The Hardest Part About Writing by T. Melissa Madian – Guest Blog and Giveaway

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The Hardest Part About Writing

The hardest part about writing is figuring out what to say in a cohesive, interesting manner. There are a lot of ideas rattling around in my head but picking one and formulating it into a full-blown story is tough. It’s like watching a home renovation show and seeing great ideas for designing an office; lots of great ideas doesn’t magically turn your second bedroom into a beautiful office space! It takes hard work and determination.

Maybe it’s the engineer in me, but I take a very pragmatic approach toward writing. If I start with an idea, I consider what it is about that idea that may be interesting to an audience. Do I want to target a specific audience with this idea? If I do, will that audience care? If there isn’t an audience to receive your work, then you’re really just writing for yourself – which is perfectly fine! – but may not be the best way to expend your energy. If I’m going to put an idea out into the world, I want to make certain that it benefits someone other than myself, my hubbie and my cat.

Then, I create a plan. A plan of who and what the story is about. Who is my protagonist? What journey do I want the protagonist to experience? Do they come out better or worse at the end of that journey? Who is the antagonist? Is there a mentor along the way? Is there an overall theme, or am I just having fun with the story?

Once I’ve got a plan, I start to chart out the story beats. These are the main action points of the story, and need to connect together in a logical, enjoyable flow. Post-It notes or index cards are great for this, as you can move beats around easily if something is not flowing well. At any given time, my workspace may look like something from A Beautiful Mind! I need to see the logical plan before I can apply any creativity; if you want to make writing easier on yourself and save countless hours of frustration later, I highly recommend this process. When you have a plan and an organized flow, it’s easy to improvise and get creative from it – just like Louis Armstrong was so exceptional at improvising from a standard song.

Then it’s writing time! With a solid story flow in place, it becomes natural to fill in the story beats with scenes, actions and emotion. Perhaps illustrations if your story allows them. Notes are a crucial step in the process. I also recommend bouncing ideas and written pages off people you trust and whose opinion you value; what may seem like a brilliant idea in your head may land like a lead balloon in someone else’s.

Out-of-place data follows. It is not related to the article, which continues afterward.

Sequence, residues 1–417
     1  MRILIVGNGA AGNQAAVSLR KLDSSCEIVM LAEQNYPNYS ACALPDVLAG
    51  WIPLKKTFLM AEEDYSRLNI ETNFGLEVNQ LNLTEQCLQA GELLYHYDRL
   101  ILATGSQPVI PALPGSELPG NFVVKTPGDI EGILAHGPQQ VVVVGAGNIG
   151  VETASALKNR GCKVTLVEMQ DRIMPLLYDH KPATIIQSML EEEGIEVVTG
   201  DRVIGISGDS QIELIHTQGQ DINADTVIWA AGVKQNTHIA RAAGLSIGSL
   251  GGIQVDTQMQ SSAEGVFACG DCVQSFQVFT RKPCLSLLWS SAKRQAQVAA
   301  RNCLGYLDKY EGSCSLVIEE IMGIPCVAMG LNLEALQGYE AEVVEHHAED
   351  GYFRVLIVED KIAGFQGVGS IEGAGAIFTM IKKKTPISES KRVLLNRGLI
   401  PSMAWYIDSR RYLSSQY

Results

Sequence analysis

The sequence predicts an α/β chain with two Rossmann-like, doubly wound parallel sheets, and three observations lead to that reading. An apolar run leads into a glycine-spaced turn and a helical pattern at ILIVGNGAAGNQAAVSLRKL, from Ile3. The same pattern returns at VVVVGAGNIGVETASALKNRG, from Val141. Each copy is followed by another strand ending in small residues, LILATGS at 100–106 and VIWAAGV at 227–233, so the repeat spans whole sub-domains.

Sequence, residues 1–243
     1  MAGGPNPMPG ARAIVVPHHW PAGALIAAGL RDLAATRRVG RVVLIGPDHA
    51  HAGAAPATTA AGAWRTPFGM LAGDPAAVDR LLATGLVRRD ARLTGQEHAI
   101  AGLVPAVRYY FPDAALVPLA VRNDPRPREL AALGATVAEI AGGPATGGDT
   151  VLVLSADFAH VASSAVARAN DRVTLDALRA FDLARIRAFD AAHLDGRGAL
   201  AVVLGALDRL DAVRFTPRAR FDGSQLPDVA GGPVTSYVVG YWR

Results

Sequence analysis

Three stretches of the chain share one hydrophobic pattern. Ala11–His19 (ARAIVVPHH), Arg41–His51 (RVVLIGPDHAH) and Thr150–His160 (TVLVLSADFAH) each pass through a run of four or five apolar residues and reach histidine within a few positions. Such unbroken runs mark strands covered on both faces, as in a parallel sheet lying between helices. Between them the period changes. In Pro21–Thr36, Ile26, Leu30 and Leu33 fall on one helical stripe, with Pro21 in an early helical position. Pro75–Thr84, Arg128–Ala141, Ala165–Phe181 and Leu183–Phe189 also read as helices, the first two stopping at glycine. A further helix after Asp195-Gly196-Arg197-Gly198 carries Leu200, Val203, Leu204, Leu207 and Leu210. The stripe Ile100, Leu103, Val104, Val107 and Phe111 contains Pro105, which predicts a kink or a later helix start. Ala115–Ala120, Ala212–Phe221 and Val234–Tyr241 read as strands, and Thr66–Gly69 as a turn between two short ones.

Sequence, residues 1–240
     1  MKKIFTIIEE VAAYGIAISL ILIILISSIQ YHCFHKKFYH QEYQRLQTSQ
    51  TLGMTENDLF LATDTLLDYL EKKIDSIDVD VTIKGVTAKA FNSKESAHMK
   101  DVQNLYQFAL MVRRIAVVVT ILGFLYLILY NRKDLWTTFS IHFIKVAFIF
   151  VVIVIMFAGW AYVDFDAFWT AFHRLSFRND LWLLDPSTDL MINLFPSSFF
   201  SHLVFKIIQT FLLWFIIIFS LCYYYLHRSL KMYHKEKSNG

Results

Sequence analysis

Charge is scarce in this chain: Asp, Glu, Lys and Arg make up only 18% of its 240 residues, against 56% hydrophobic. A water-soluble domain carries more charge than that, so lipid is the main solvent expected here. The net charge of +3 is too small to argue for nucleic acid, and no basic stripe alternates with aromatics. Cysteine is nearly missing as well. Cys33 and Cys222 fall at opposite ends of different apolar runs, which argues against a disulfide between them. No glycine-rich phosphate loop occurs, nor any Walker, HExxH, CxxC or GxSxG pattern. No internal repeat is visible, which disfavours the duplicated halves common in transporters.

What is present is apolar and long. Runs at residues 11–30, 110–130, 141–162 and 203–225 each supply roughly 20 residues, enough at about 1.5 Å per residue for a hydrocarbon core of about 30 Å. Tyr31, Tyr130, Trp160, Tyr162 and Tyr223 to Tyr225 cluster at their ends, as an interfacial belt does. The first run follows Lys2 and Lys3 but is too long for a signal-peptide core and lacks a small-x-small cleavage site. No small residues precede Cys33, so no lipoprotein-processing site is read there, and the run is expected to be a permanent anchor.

And even after all these steps, writing is hard! The ideas may flow, but the writing may not always come easily. Be kind to yourself, take a break when you need to, and stick to your plan. And most importantly, stay true to who you are!

It was business as usual at the Acme Science Lab, until one day a massive explosion sent the scientists fleeing for safety.

But out of the smoke and chemicals emerged an amazing new creature… Bartholomew Blob!

With the lab destroyed, Bartholomew leaves the comforts of the only home he has ever known in search of new friends and a place to live.

As he travels through golden fields his body changes color with every emotion he feels.

Life can be lonely for a blob, but Bartholomew discovers there’s kindness and love to be found in every adventure.

Enjoy an Excerpt

Smoke and chemicals mixed, and strange sounds came from the now empty lab. Sounds like… gurgling and burping? The door of the lab smashed open and out came…

… a small, roundish shape! It was midnight black and had the size and form of an upside-down cereal bowl. It slithered instead of rolled. It looked like melted dark chocolate but had a perfume like smell.

Suddenly, two roundish holes opened and turned pale blue. It had eyes! It could see! What in the world could this creature be?

Why… it’s Bartholomew Blob!

About the Author:T. Melissa Madian is the Chief Fabulous Officer at TMM Enablement Services Inc. As a mechanical engineer, she loves taking the science of what is possible and imagining stories around the impossible. She is a storyteller, mom to a precocious cat, and auntie to her human nephew. She hopes that this book serves as a reminder to people – adults and children – that even the weirdest and most unusual creature just wants and deserves to be loved.

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Buy the book at Amazon, Amazon CA, Bookshop, Barnes and Noble, Book Depository, or Indigo Chapters – paperback or hardback.

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  1. Thanks for hosting!

  2. Thank you for having me on your blog!

  3. James Robert says

    Thank you for sharing your book with us. I always look forward to finding out about another great read.

  4. Sounds like a great read.

  5. Eva Millien says

    I enjoyed the excerpt, sounds like a fun learning experience, thanks for sharing!

  6. What was your favorite part about writing this story?

    • Thank you for asking! Hardest part about writing this story was not making it too adult for children. I’ve always enjoyed stories that have a bit of a wink to the adults reading it to their kids – and there are a few winks in there – but ultimately the story should be for the child reading it.

  7. This sounds like a very good book.

  8. Bea LaRocca says

    Thank you for sharing your post about writing and your book details. This sounds like a great story to share with my grandchildren.

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